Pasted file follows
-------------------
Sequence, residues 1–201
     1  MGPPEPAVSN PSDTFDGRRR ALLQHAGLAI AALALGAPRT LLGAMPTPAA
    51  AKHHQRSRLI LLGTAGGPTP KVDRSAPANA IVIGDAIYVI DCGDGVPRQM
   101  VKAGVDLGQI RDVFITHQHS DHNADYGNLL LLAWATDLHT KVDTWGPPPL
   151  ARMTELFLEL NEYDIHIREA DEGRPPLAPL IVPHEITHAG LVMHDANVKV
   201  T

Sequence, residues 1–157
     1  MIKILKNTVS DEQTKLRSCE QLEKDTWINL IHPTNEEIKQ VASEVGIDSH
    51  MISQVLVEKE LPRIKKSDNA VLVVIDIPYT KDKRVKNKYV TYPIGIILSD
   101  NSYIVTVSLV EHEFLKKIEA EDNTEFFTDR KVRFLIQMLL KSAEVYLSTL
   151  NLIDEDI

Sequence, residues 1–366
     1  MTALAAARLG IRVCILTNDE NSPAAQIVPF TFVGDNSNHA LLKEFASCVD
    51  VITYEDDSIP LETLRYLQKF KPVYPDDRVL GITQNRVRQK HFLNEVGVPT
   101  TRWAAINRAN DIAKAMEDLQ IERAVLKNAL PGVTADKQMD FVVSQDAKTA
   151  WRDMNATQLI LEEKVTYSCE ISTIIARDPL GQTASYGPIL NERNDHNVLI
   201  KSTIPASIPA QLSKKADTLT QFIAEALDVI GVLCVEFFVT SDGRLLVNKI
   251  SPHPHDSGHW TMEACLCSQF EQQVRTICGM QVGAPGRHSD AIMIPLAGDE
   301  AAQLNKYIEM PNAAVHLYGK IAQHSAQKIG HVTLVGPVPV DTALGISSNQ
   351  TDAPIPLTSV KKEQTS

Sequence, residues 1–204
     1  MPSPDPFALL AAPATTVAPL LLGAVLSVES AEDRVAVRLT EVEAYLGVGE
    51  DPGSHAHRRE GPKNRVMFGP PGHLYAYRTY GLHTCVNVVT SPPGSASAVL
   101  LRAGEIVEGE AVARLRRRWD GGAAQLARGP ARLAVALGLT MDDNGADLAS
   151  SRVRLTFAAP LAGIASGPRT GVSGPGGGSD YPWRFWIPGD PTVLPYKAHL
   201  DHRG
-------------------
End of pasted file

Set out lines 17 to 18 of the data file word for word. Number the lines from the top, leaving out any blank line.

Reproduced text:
   201  KSTIPASIPA QLSKKADTLT QFIAEALDVI GVLCVEFFVT SDGRLLVNKI
   251  SPHPHDSGHW TMEACLCSQF EQQVRTICGM QVGAPGRHSD AIMIPLAGDE